Lucas said he wished he could promise that a large amount of any surplus would go toward schools, and he said that he and the other representatives would do their best to ensure that schools are not overlooked.
Paulette Lunn of Mayo High School for Math, Science, and Technology asked about new teacher evaluation standards, how teacher performance will be measured, and what allowances will be made for teachers who instruct at multiple schools or work with exceptional education students. Dr. Ingram replied that evaluations are trending away from individual teacher behaviors and focusing more on student outcomes and student growth.
“I don’t think (looking at) anything other than growth is wise, particularly when high-stakes testing has come into national question now, even by the Obama administration,” said Dr. Ingram, adding that for teachers who teach classes exempt from standardized testing, goals-based evaluations would be used.
Lindsey Cote of Darlington High School asked whether South Carolina has adopted a new standardized testing system and would that testing system match existing state standards.
Dr. Ingram said the testing contract was awarded the previous week to DRC (Data Recognition Corporation), and Heatwole added that these tests will be aligned with existing standards.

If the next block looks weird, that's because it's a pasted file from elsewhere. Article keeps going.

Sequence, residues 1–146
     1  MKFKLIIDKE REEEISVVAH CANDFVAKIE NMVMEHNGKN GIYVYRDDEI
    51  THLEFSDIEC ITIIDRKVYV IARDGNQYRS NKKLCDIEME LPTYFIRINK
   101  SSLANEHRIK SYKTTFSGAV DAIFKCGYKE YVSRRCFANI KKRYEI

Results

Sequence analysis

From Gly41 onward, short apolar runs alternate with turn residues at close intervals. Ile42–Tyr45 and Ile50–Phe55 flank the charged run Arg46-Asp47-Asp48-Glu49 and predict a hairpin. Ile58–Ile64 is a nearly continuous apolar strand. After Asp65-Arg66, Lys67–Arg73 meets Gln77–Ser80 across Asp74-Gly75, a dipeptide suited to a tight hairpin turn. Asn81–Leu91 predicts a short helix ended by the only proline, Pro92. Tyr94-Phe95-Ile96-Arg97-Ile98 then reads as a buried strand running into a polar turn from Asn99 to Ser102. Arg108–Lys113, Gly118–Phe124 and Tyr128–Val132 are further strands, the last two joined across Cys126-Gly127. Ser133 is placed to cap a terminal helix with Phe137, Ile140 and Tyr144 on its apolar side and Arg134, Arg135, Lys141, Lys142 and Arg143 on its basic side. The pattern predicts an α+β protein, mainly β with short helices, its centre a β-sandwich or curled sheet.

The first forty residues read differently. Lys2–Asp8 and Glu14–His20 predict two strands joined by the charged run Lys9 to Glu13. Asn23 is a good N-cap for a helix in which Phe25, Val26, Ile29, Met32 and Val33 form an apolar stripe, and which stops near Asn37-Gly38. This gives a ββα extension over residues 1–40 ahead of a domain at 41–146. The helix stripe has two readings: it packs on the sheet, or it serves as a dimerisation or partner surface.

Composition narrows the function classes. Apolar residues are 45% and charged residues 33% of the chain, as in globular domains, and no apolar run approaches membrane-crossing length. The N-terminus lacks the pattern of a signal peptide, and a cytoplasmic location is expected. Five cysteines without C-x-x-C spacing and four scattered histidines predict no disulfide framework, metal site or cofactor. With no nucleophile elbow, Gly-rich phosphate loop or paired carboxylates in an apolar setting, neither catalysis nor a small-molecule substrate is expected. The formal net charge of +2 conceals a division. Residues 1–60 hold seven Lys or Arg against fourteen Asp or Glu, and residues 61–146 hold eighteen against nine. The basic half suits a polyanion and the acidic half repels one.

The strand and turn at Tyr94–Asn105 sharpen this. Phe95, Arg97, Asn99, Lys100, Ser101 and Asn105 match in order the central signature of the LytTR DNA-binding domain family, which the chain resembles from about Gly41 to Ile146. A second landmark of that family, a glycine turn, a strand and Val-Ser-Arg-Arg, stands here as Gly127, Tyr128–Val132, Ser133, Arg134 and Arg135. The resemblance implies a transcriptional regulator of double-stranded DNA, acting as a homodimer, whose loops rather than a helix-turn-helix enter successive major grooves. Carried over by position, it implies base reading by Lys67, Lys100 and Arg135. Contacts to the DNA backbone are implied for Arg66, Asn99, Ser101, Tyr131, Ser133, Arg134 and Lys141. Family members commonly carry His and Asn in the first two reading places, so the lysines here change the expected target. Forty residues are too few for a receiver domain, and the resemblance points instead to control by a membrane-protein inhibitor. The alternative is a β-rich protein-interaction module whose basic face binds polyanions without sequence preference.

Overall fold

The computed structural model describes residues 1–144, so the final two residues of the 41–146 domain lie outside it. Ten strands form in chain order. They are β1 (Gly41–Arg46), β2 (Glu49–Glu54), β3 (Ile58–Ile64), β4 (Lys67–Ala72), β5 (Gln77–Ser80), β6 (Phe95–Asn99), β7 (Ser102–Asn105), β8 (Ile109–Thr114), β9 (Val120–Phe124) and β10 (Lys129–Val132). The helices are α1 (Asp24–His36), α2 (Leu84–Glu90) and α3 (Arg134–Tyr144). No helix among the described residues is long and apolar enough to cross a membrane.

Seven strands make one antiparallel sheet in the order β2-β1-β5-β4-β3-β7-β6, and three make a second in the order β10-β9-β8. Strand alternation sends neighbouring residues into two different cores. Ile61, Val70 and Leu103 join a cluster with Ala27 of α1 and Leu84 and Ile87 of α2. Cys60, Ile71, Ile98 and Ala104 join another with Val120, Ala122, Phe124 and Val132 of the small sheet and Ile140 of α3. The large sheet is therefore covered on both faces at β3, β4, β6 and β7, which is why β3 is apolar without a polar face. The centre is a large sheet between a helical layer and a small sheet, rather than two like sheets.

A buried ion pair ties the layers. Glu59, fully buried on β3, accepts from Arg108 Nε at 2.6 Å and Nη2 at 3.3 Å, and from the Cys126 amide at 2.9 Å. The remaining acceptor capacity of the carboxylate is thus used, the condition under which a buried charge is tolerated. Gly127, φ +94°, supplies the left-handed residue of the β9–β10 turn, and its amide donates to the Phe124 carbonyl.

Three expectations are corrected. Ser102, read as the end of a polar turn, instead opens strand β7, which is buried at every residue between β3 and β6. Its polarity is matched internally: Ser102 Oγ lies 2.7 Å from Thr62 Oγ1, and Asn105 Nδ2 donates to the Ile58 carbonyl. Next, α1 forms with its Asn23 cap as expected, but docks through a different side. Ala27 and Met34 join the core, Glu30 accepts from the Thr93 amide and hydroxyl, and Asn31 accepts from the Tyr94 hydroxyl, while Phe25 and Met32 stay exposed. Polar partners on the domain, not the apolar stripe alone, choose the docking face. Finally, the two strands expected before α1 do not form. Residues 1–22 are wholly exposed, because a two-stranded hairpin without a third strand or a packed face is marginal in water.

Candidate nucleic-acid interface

Tajuana James of West Hartsville Elementary School asked whether the DCSD intends to formulate a policy to curb social media misbehavior among students – specifically those who post embarrassing videos of classmates or teachers online.
Dr. Ingram replied that enforcing such policies is a complicated matter, as you are dealing with freedom of speech issues and the district has been challenged when they have attempted to discipline students over social media use. Henegan added that most schools have some sort of policy regarding electronic devices and Internet usage, and those policies will continue to evolve over time. She expressed a hope that any enforcement policy will not “go to the extreme” and rob students of their rights.
Finally, Jamie Horton of Hartsville High School asked the panel what they believe is the number one issue facing education in South Carolina.
Williams replied that a heightened emphasis on mental health and emotional support could have a big impact on student safety.
Lucas said that we need to raise education standards in rural school districts and work to provide 21st century educations for our students so they can succeed in tomorrow’s job market. To that end, Lucas said a report from the state’s education task force is due out soon and he hopes districts can begin implementing some of their recommendations in 2016.
Heatwole said the state needs to support local school districts in their efforts to propel South Carolina forward, and this could include restoring funding for career specialists who guide students into trades, colleges, and onto career paths.
Also at this meeting, former DCSD superintendent Jimmy Newsome presented the annual Jimmy Newsome Signature Award to Duke Energy for their volunteer work and support at Darlington County schools. On hand to accept the award were Duke Energy’s Mindy Taylor and Teresa Hodges.